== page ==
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Gastritis is an inflammation of the lining of the stomach, and has many possible causes.[1] The main acute causes are excessive alcohol consumption or prolonged use of nonsteroidal anti-inflammatory drugs (also known as NSAIDs) such as aspirin or ibuprofen. Sometimes gastritis develops after major surgery, traumatic injury, burns, or severe infections. Gastritis may also occur in those who have had weight loss surgery resulting in the banding or reconstruction of the digestive tract. Chronic causes are infection with bacteria, primarily Helicobacter pylori. Certain diseases, such as pernicious anemia, chronic bile reflux, stress and certain autoimmune disorders can cause gastritis as well. The most common symptom is abdominal upset or pain. Other symptoms are indigestion, abdominal bloating, nausea, and vomiting. Some may have a feeling of fullness or burning in the upper abdomen.[2][3] A gastroscopy, blood test, complete blood count test, or a stool test may be used to diagnose gastritis.[4] Treatment includes taking antacids or other medicines, such as proton pump inhibitors or antibiotics, and avoiding hot or spicy foods. For those with pernicious anemia, B12 injections are given.

Acute Gastritis

Erosive gastritis is gastric mucosal erosion caused by damage to mucosal defenses.[2] Alcohol consumption does not cause chronic gastritis. It does, however, erode the mucosal lining of the stomach; low doses of alcohol stimulatehydrochloric acid secretion. High doses of alcohol do not stimulate secretion of acid.[6] NSAIDs inhibit cyclooxygenase-1, or COX-1, an enzyme responsible for the biosynthesis of eicosanoids in the stomach, which increases the possibility of peptic ulcers forming.[7] Also, NSAIDs, such as aspirin, reduce a substance that protects the stomach called prostaglandin. These drugs used in a short period of time are not typically dangerous. However, regular use can lead to gastritis.[8]

Chronic Gastritis

If the esophageal sphincter fails to do its job properly, some stomach acid can escape up the esophagus. This causes very painful “heartburn” or “gastritis” in the chest as the esophageal walls are eroded by the hydrochloric acid. Chronic gastritis refers to a wide range of problems of the gastric tissues that are the result of H. pylori infection.[2] The immune system makes proteins and antibodies that fight infections in the body to maintain a homeostatic condition. In some disorders the body targets the stomach as if it were a foreign protein or pathogen; it makes antibodies against, severely damages, and may even destroy the stomach or its lining.[8] In some cases bile, normally used to aid digestion in the small intestine, will enter through the pyloric valve of the stomach if it has been removed during surgery or does not work properly, also leading to gastritis. Gastritis may also be caused by other medical conditions, including HIV/AIDS, Crohn’s disease, certain connective tissue disorders, and liver or kidney failure.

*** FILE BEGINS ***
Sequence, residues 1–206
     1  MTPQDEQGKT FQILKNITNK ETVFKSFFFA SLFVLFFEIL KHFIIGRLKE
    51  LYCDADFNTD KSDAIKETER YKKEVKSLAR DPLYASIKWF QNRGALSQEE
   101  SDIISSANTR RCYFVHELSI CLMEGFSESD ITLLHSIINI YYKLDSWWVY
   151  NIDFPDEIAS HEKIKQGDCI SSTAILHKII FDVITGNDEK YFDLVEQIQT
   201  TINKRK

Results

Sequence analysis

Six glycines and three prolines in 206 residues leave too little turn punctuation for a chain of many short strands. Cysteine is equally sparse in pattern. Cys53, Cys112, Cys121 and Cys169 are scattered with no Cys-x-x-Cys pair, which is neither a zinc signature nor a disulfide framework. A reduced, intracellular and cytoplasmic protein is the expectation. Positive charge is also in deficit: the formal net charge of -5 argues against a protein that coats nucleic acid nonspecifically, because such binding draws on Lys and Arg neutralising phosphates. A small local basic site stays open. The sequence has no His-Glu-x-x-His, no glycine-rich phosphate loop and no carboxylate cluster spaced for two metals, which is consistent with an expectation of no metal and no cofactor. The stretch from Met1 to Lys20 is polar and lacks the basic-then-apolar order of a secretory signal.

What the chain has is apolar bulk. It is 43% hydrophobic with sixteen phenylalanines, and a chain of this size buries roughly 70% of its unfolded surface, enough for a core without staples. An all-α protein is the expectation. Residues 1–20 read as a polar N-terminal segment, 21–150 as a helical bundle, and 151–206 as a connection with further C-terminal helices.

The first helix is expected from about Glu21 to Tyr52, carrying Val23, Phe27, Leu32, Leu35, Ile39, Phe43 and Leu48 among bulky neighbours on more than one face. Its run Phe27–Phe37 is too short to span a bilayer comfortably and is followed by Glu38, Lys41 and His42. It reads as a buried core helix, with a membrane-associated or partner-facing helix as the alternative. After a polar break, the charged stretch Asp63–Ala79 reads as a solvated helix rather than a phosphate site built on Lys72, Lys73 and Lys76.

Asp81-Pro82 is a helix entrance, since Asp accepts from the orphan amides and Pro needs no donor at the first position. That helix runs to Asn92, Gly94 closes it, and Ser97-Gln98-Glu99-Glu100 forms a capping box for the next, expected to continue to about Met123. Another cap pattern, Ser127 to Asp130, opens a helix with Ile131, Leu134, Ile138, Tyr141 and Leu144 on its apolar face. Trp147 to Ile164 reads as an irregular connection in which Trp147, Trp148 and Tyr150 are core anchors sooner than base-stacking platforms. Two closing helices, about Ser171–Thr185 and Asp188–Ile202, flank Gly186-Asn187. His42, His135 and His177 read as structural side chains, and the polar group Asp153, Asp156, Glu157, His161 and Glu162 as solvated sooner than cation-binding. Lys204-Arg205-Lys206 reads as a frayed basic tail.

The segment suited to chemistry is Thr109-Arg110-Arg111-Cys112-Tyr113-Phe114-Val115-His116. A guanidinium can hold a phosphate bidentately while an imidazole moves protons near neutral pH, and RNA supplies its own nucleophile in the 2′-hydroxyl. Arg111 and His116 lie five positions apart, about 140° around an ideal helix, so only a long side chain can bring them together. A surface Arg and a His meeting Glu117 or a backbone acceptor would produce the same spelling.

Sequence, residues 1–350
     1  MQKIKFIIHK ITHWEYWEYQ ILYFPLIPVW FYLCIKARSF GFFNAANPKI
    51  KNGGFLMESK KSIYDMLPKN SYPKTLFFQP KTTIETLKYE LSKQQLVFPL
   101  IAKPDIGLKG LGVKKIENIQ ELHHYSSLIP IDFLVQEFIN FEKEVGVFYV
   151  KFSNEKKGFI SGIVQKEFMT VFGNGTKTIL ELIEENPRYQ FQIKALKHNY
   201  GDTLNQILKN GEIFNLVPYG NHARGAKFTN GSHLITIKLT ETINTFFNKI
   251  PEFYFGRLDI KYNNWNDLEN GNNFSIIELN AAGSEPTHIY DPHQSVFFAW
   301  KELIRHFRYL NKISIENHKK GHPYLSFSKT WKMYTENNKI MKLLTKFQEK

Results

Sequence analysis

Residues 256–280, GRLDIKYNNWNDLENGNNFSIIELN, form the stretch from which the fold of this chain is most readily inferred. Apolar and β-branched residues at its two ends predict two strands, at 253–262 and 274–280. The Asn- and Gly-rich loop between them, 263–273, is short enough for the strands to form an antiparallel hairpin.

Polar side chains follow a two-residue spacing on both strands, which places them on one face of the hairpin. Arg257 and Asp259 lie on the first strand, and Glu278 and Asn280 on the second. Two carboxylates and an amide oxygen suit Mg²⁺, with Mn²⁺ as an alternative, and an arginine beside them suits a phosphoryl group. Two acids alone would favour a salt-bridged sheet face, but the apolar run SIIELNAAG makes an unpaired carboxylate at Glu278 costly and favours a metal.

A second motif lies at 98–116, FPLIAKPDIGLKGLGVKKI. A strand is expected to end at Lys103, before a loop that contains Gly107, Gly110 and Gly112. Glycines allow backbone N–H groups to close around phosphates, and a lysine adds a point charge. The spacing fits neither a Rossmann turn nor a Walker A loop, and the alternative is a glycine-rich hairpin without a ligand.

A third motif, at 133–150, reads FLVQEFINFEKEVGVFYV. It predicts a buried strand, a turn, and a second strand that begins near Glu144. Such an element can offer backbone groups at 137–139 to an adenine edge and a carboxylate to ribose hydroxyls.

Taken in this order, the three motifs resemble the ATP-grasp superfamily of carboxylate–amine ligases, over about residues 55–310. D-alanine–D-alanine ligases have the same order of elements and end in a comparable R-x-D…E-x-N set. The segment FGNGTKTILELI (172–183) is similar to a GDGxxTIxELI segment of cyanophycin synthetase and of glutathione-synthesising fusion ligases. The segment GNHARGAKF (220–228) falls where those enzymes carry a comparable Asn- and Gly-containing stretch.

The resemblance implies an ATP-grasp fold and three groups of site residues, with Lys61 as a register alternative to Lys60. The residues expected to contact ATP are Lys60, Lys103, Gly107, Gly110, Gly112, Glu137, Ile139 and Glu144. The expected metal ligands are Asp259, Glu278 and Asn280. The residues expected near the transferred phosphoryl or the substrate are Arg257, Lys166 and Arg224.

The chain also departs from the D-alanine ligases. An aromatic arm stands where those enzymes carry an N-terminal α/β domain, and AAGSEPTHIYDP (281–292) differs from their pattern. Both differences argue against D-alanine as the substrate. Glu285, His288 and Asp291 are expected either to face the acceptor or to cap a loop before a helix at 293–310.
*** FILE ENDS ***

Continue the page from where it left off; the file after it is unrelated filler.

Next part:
Severe gastritis is possible when the stomach is viewed without symptoms being present and may be present despite only minor changes in the stomach lining. Seniors have a higher likelihood of developing painless stomach damage. They may have no symptoms at all, such as an absence of vomiting or pain, until they are suddenly taken ill with internal bleeding. Pain in the upper abdomen is the most common symptom. The pain is usually in the upper central portion of the abdomen, the “pit” of the stomach. Gastritis pain can occur in the left upper portion of the abdomen and in the back. The pain seems to travel from the belly to the back. The pain is typically vague, but can be a sharp pain. Belching either doesn’t relieve pain or only relieves it for a moment. The vomit is either clear, green or yellow, has a bloody streak in it, or is completely bloody, depending on the severity of inflammation. Bloating and a feeling of fullness or burning in the upper abdomen are also signs of moderate gastritis. Severe gastritis presents pallor, sweating, rapid heart beat, feeling faint or short of breath, severe chest or stomach pain, vomiting large amounts of blood, or bloody or dark, sticky, foul-smelling bowel movements.